The Corpus Christi procession

“Upwards of seven thousand people took part in the annual Eucharistic Procession through the streets of Galway on Sunday, when one of the greatest demonstrations of faith in recent years was seen. Practically all of that part of the city’s population which did not take part, thronged the footpaths, and when the procession arrived at Eyre Square at six o’clock, upwards of ten thousand people knelt on the green sward in front of the specially constructed high altar for the final Benediction, which was imparted by his Lordship, Most Rev Dr Browne.

“The route of the procession was a blaze of colour. Set in the doorways along the main street were beautiful miniature altars erected in honour of the Sacred Heart. Many of the house fronts were hidden behind shrubs and masses of flowers, and in the windows were numerous pictures of The Sacred Heart, the Blessed Virgin, St Joseph and St Patrick. Overhead bunting and religious scrolls spanned the streets.

“The various sodalities and sections which took part met in the grounds of St Mary’s Diocesan College at New Line where Benediction was imparted by the bishop at 4.30pm and then the procession left the college and proceeded via New Line, Henry St, Mainguard St, Shop St, and William St to Eyre Square. The Monstrance containing the Sacred Host was borne under a rich canopy of gold by Most Rev Dr Browne. Members of the Society of St Vincent de Paul had the privilege of carrying the canopy.

“Little children, dressed in white, walked in front of the canopy, strewing flowers, while on either side walked a guard of honour, comprised of officers of the First (Irish Speaking ) Battalion, under the command of Lieutenant J Costelloe. On arrival in the Square, the different bodies which took part formed up on the level green in front of the altar which was erected. As the Monstrance was raised at the final Benediction, buglers sounded the general salute, the military guard of honour presented arms, and the Boy Scouts’ and the Girl Guides’ flags were dipped in salute. The whole congregation then stood and sang ‘Faith of Our Fathers’.”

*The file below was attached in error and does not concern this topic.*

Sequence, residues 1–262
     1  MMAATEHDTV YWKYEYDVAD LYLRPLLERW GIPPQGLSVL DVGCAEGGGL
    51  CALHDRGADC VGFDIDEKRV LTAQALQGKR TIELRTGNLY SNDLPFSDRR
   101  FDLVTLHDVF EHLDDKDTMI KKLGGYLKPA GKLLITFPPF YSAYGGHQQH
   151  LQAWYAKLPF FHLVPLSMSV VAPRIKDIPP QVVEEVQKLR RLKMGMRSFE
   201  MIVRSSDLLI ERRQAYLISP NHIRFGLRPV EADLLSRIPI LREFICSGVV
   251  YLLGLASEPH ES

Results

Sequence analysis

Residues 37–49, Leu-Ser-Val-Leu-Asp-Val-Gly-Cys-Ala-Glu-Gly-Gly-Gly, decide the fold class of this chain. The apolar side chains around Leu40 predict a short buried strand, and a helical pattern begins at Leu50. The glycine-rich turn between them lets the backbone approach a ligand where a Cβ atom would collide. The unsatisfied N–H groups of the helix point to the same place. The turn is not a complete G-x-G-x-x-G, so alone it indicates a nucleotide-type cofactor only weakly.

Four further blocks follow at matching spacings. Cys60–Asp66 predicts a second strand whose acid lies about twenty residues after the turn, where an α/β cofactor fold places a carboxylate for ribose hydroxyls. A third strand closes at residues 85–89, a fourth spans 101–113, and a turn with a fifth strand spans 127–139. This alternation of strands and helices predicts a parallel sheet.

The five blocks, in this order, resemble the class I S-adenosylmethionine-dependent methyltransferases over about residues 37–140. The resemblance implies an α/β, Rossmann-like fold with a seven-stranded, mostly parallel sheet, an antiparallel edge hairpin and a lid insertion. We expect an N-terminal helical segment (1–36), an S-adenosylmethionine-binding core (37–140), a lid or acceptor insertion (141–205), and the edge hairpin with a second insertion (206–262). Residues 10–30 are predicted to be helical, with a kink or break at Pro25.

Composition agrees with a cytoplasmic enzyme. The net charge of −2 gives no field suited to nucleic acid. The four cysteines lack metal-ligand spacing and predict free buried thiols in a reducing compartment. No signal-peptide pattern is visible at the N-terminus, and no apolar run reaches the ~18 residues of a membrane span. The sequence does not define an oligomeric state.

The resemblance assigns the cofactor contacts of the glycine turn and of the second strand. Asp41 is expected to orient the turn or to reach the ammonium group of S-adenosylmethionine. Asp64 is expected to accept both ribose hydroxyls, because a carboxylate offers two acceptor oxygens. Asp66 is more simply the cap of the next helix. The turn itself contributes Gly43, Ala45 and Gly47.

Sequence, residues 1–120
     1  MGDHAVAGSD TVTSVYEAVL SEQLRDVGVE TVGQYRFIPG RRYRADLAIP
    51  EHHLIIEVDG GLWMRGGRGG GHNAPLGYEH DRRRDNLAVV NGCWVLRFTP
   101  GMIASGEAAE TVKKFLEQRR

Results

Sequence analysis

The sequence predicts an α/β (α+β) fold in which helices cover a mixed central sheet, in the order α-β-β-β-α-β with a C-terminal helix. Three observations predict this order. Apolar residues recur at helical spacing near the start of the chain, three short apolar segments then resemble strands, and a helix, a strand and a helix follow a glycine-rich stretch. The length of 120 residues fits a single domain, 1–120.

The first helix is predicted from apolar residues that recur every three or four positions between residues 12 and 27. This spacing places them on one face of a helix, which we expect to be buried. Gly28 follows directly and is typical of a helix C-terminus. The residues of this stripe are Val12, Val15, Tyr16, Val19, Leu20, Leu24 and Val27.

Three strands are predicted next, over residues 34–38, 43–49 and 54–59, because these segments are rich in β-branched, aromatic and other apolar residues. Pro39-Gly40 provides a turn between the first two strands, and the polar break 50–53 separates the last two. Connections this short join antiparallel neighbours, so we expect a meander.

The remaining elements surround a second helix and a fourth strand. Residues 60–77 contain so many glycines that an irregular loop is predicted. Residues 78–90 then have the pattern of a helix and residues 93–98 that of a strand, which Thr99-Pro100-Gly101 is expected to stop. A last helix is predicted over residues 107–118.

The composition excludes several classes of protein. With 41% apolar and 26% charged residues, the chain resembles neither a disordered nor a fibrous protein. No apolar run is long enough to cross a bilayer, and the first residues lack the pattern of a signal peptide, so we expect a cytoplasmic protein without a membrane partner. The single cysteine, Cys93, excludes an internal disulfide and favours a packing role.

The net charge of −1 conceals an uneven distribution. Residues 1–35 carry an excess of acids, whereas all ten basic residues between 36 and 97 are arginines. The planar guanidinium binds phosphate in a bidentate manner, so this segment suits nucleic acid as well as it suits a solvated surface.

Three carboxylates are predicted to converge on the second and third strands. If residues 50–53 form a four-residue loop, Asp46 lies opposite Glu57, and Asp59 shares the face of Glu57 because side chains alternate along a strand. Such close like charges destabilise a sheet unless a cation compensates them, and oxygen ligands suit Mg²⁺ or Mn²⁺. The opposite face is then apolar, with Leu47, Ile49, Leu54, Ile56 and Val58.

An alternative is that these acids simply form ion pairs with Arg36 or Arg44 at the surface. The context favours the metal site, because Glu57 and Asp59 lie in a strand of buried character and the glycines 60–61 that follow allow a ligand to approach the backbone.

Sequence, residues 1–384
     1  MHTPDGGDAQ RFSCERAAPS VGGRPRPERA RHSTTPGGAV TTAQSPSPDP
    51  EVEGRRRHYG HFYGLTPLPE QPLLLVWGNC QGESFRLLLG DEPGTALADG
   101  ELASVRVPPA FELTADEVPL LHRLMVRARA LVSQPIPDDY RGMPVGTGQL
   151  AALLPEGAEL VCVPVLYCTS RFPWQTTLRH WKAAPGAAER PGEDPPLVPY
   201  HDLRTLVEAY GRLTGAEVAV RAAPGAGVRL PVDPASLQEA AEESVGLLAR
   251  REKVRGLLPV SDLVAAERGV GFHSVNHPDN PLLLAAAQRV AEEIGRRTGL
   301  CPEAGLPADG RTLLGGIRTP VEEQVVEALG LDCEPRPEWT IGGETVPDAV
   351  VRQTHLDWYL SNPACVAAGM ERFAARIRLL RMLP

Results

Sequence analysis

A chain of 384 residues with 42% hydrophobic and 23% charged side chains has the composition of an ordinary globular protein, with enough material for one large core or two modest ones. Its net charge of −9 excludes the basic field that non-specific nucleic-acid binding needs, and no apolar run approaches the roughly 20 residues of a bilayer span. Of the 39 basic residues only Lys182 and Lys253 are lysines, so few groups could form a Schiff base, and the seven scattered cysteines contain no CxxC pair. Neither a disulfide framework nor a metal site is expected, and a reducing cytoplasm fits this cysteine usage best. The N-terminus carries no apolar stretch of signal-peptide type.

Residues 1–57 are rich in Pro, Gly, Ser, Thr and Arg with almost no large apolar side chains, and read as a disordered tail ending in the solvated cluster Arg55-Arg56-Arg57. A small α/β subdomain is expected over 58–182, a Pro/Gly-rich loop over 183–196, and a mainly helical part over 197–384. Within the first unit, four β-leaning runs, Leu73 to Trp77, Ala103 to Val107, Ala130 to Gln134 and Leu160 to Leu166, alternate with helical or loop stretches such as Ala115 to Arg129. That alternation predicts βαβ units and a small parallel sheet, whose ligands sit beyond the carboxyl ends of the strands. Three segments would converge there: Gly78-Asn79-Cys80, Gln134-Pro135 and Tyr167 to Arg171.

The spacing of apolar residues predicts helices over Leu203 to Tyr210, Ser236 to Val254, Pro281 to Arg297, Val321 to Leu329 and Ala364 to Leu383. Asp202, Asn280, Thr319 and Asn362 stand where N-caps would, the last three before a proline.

A fascinating report there from the Connacht Sentinel of June 13, 1939. In addition to those already mentioned, some of the other groups taking part would have been clergy from all religious orders, the professional staff and student body from UCG, nurses from the Central Hospital, the Sea Scouts, The Legion of Mary, Youth Confraternity, the CYMS, Amalgamated Woodworkers, Red Cross, Order of Malta, and the FCA. Occasionally, some bands would participate and various choirs would sing hymns and the sacred music.

Our photograph, which dates from the 1930s, shows a Legion of Mary group with some interesting banners, crossing O’Brien’s Bridge on their way to the Square, obviously delighted to be a part of one of the biggest religious festivals of the year.


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